New England's Atlantic herring fishery could be on the verge of collapse in some areas, and federal regulators have decided to immediately reduce catch limits. Conservationists welcome the move as a way to help populations recover, but advocates for the fishing industry fear extended quota reductions over the next few years.
Atlantic herring are often referred to as a keystone species because, like a keystone that supports other stones in an arch, herring is a go-to snack for a wide variety of other fish, as well as seals, whales and birds. Maine lobstermen also depend on herring as a preferred source of bait for their traps. But recent stock assessments have concluded that the species is in decline, prompting the National Oceanic And Atmospheric Administration (NOAA) to reduce the catch for the balance of the current fishing season that ends early next year.
According to the Pew Chaitable Trust, where Peter Baker is the director of U.S. Oceans Northeast, it’s the right call.
"They put in measures that are going to slow the fishery down between now and the end of the year, so that there's not so much fishing now in the next three months that they have to take even more drastic reductions in 2019," Baker says.
The herring catch that has routinely run between 70,000 and 120,000 metric tons per year. The NOAA has ordered the current 100-thousand metric ton quota be halved to 49,000 metric tons for the remainder of the fishing season. In a prepared statement, the NOAA says that the temporary reduction should result in a larger herring population than the one projected under current catch limits, and it should increase herring landings when the new three-year season begins next year.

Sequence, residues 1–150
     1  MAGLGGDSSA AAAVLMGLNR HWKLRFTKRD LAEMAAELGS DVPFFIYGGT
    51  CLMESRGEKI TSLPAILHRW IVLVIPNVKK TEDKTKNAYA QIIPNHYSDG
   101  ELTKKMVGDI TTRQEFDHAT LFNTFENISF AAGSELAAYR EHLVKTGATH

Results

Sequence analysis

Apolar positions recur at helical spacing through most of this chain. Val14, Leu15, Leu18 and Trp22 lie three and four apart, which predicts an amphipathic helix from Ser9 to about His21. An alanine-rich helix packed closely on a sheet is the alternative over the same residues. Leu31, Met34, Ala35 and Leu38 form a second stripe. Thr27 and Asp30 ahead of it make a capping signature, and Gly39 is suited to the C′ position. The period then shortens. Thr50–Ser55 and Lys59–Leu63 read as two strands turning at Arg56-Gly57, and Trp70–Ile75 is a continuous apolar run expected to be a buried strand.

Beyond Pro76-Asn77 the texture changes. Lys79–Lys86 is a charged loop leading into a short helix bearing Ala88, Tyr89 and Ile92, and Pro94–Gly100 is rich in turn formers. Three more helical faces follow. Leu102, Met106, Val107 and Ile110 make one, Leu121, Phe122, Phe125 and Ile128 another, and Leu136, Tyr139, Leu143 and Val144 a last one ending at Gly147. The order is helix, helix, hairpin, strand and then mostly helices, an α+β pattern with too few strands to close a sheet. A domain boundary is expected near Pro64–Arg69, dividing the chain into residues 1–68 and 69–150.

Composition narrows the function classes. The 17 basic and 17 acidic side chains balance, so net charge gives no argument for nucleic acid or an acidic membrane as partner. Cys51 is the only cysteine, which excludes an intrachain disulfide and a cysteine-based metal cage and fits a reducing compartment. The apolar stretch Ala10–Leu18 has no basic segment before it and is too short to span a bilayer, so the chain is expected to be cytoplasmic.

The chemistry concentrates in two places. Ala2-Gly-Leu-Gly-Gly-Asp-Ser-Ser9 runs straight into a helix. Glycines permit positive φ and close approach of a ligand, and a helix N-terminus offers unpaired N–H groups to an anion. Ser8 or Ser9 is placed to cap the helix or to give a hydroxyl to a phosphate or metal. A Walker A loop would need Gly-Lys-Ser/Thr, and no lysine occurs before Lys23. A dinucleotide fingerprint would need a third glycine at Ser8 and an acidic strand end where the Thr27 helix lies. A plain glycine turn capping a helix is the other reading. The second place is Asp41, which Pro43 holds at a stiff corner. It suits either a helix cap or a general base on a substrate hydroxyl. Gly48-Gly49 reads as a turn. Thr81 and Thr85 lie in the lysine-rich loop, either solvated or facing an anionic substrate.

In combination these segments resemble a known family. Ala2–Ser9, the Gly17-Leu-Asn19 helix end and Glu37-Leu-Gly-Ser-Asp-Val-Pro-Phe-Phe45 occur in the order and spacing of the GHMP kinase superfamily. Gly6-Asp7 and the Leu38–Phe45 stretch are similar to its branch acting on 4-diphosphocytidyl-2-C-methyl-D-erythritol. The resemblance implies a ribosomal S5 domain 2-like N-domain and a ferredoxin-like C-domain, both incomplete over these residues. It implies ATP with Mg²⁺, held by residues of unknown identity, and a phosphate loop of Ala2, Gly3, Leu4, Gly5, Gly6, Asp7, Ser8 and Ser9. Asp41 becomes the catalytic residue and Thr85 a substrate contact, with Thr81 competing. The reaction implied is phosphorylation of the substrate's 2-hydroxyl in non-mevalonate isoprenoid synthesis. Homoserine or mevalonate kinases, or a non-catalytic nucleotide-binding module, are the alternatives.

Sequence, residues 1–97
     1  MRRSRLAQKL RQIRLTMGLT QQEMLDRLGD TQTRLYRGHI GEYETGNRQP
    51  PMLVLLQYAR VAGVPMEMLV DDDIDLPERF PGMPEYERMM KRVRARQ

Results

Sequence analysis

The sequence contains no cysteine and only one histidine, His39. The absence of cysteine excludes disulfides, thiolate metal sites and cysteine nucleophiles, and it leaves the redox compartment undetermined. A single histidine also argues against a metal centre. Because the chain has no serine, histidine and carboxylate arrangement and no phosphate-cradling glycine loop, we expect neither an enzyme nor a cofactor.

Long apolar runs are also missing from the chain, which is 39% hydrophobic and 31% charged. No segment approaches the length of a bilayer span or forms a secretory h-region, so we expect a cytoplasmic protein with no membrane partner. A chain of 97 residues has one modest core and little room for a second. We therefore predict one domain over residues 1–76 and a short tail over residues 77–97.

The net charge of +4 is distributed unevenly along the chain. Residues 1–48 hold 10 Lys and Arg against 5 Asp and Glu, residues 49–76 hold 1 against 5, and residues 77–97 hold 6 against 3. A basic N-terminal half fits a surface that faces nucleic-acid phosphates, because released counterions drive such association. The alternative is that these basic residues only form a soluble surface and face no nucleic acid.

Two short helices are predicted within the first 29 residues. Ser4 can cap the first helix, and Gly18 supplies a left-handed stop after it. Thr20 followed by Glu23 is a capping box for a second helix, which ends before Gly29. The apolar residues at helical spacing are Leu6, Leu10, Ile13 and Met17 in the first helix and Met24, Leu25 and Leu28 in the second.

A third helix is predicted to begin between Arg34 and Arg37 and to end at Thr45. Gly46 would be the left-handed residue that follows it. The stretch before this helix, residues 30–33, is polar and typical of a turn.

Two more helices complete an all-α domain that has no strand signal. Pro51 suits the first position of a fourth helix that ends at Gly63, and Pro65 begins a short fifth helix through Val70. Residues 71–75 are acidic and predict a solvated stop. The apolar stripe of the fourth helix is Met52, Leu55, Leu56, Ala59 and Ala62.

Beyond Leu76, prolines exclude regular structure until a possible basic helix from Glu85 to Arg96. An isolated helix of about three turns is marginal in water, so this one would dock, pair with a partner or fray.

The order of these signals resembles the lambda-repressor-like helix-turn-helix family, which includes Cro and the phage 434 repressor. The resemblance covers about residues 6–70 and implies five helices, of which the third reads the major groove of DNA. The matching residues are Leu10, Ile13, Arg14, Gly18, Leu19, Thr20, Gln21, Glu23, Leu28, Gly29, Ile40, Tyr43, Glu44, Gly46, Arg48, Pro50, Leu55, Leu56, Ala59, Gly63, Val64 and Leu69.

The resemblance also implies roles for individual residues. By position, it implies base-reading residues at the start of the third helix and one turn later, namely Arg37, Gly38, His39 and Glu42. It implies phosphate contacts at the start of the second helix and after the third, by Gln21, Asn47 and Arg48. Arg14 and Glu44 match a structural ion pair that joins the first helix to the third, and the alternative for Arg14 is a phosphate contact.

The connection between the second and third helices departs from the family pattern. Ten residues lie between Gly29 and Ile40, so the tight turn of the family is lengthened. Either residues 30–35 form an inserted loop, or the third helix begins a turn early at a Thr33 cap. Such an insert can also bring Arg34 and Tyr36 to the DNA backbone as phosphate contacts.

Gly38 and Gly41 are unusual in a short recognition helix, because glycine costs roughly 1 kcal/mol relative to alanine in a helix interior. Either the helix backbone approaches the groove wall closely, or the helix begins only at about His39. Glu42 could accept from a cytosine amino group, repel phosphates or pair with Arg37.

Baker says the greatest threat to the fishery is posed by large American industrial processing ships, which harvest thousands of the fish in selected areas with nets as large as a football field.
"When the big industrial fleet comes close to shore catching herring, they wipe out the school of herring, and then there's no reason for the striped bass and the tuna and the groundfish to stay there, because the reason they're in-shore is because they're there to eat the herring," Baker says. "So if the industrial fleet catches all the herring inshore, there's no fish for the traditional New England day boat fleet to go out and catch."
The herring fishery is generally the under the direction of the New England Fishery Management Council, but NOAA has the authority to step in when it believes conditions warrant.
Sport fishing advocate Patrick Paquette of Hyannis, Massachusetts says that even though NOAA is calling this a temporary reduction, he fears that the council will opt to adhere to the new limits for the three-year season that begins next year.
"What is likely to happen is that 2019 will get this rollover amount, and then the regulation will go in place and help set the long term number for 2020, 2021 and 2022," Paquette says.
The New England Fishery Management Council is scheduled to meet regarding the new harvest landings for the next year three-year season Sept. 24 in Plymouth, Massachusetts.